An English-Arabic Lexicon in which the equivalents for English words and Idiomatic sentences are rendered into literary and colloquial Arabic.

Badger, George Percy.

Book ID: 10104


Large 4to. xii 1244 pp., double columns, +4 pp., in Arabic with a note from Rizkallah Hassoun, title printed in English and Arabic, half-title, contemporary green cloth, lightly rubbed, ex-libris stamp on title page, Label of Library of The Dropsie College verso front cover, small tear to right margin of page 3 without any loss, otherwise copy in very good condition, first edition, Kegan Paul & Co. London, 1881.


George Percy Badger was a printer by trade. His spent his youth in Malta, and his knowledge of the Maltese dialect was the foundation of his love of Arabic. He spent the greater part of 1835-36 in Beirut improving his Arabic. At Birejik he visited the expedition under Francis Rawdon Chesney for the exploration of the Euphrates Valley. On returning to Malta he was associated with Ahmad Faris Al-Chidyak in the editorial department of the Church Missionary Society’s Institution in Islington, and was ordained as a deacon in 1841 and priest the following year. Because of his intimate knowledge of the East, and unrivalled colloquial knowledge of Arabic, he was chosen by William Howley, Archbishop of Canterbury and by Charles James Blomfield, Bishop of London, as a delegate to the Eastern churches, and more especially the Nestorians of Kurdistan. On retuning to England from his first expedition in 1845, Badger was appointed government chaplain on the Bombay establishment, and a year later he was appointed chaplain at Aden. When Sir James Outram was sent to Aden in 1854 as commandant and political agent, he placed considerable reliance, in dealing with the Arab tribes, on Badger’s knowledge of the native chiefs and on his influence with them. When Outram was appointed commander-inchief of the Persian expedition in November 1856 he appointed Badger as staff chaplain and Arabic interpreter to the force. At the conclusion of the campaign in 1857 Badger received a war medal. In 1860 he was appointed coadjutor to Colonel (Sir) William Marcus Coghlan to settle the differences which had arisen between the sons of the renowned Sayyid Sa’id, the Sayyid Thuwainy, who ruled over Oman, and the Sayyid Majid, who ruled over Sa’id’s East African possessions.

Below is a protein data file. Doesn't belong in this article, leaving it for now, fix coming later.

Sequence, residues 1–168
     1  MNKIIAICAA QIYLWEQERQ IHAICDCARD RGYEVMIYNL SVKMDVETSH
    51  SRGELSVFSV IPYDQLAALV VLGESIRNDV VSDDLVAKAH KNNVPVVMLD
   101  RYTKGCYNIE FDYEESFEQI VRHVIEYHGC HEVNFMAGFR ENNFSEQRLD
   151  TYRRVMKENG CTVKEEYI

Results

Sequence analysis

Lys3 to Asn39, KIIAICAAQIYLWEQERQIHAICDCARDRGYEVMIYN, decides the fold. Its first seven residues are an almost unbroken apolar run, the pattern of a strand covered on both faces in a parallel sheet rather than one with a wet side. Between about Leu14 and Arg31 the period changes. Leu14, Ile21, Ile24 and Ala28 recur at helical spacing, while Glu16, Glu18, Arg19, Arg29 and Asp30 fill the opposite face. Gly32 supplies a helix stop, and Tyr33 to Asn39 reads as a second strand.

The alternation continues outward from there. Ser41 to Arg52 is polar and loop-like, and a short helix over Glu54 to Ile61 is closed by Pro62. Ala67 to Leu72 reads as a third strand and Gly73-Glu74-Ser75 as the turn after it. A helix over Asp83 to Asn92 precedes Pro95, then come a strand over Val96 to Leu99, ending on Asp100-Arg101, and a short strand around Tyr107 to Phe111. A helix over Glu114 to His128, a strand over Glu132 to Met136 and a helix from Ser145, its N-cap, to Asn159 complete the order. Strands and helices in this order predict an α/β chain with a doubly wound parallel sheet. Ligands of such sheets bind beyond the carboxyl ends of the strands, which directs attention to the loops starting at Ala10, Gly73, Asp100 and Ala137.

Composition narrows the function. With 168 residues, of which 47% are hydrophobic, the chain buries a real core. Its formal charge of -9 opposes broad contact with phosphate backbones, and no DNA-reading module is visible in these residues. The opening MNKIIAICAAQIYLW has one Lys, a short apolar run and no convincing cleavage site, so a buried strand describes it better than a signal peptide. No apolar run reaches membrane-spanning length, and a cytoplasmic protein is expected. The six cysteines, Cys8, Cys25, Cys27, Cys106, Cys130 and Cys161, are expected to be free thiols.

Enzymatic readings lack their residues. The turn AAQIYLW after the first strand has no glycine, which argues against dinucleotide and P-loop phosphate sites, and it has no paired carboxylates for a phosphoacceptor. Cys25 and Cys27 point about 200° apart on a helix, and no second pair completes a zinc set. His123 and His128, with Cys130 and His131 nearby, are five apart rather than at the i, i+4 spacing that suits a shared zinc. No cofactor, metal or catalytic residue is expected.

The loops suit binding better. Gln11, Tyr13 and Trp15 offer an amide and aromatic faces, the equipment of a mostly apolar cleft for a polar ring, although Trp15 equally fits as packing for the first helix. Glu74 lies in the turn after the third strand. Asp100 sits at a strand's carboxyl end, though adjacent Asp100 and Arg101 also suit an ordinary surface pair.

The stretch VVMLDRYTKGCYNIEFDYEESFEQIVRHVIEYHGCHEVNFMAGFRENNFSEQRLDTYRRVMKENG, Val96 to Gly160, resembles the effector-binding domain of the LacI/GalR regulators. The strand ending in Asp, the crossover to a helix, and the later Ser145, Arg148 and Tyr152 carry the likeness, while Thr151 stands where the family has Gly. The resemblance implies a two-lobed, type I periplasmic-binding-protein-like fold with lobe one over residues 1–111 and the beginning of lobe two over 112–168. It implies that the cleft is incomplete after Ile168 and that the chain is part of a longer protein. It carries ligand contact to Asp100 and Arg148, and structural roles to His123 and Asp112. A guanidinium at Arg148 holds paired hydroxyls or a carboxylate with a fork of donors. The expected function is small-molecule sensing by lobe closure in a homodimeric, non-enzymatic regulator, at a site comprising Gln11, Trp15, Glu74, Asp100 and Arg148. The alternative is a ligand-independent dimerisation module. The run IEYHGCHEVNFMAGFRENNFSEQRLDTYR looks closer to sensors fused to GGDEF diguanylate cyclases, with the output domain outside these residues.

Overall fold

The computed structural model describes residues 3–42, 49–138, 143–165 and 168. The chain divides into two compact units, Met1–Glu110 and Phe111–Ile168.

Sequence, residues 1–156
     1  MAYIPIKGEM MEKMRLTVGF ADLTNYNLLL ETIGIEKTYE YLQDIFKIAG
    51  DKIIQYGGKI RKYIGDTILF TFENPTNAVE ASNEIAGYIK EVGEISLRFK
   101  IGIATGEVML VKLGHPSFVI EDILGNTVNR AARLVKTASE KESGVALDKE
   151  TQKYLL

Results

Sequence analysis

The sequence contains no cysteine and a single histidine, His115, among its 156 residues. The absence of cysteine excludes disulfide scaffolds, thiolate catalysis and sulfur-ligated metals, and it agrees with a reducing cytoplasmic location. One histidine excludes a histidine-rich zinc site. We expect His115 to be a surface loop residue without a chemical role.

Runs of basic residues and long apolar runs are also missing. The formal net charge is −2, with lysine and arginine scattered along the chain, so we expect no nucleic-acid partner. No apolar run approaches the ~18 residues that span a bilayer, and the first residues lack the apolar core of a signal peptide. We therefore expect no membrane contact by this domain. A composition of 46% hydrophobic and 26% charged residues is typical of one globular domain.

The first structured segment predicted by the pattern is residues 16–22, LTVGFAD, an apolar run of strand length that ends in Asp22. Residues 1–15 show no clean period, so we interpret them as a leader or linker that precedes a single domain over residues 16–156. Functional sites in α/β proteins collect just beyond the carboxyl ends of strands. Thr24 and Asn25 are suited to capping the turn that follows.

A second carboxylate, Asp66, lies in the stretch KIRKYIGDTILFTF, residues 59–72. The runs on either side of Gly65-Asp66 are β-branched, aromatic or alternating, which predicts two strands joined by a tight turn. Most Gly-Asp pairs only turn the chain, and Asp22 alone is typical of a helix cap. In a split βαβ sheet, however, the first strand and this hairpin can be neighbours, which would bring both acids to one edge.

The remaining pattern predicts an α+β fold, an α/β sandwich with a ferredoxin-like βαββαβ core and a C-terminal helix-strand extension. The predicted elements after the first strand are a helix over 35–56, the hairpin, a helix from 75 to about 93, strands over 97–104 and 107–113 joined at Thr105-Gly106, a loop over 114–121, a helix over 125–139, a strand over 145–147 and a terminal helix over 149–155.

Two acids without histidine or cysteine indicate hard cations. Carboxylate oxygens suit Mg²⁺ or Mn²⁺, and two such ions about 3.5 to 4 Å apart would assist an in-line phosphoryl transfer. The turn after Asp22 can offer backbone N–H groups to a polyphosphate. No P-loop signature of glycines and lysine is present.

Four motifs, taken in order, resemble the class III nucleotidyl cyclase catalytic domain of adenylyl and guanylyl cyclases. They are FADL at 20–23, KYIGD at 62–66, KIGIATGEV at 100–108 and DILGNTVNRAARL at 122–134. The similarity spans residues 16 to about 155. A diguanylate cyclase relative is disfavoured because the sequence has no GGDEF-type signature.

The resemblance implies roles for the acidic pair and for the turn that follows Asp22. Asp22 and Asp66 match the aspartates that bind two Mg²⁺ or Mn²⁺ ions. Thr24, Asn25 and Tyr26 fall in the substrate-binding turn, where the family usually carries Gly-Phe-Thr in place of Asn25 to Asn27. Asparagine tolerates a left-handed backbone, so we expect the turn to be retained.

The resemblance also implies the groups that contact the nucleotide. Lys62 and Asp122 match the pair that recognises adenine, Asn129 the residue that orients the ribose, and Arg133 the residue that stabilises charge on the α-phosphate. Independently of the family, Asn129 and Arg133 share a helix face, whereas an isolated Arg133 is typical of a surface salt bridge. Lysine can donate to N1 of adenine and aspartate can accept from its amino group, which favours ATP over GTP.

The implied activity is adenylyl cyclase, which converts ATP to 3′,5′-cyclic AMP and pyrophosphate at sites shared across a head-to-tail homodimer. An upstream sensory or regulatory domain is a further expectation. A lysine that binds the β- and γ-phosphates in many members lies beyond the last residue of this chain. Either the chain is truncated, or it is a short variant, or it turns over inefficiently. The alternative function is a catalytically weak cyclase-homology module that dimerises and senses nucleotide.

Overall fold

Badger returned to England in 1861, and in October accompanied Outram on a visit to Egypt. In 1862 he retired from the service, and devoted himself chiefly to literature. In 1872 he was appointed secretary to Sir Henry Bartle Edward Frere, on a mission to Zanzibar to negotiate the suppression of the slave trade with the Sultan, Sayyid Burgash. In recognition of his services Badger was created D.C.L. by the Archbishop of Canterbury in 1873. Two years later he was appointed to attend the Sultan of Zanzibar during his visit to England. In 1873 he was created a Knight Commander of the Order of the Crown of Italy, and in 1880 the Sultan of Zanzibar nominated him for a Knight of the Gleaming Star. In 1881 Badger published this English-Arabic Lexicon, which has remained the standard work of its kind. It was especially notable for its command of current Arabic nomenclature and phraseology.

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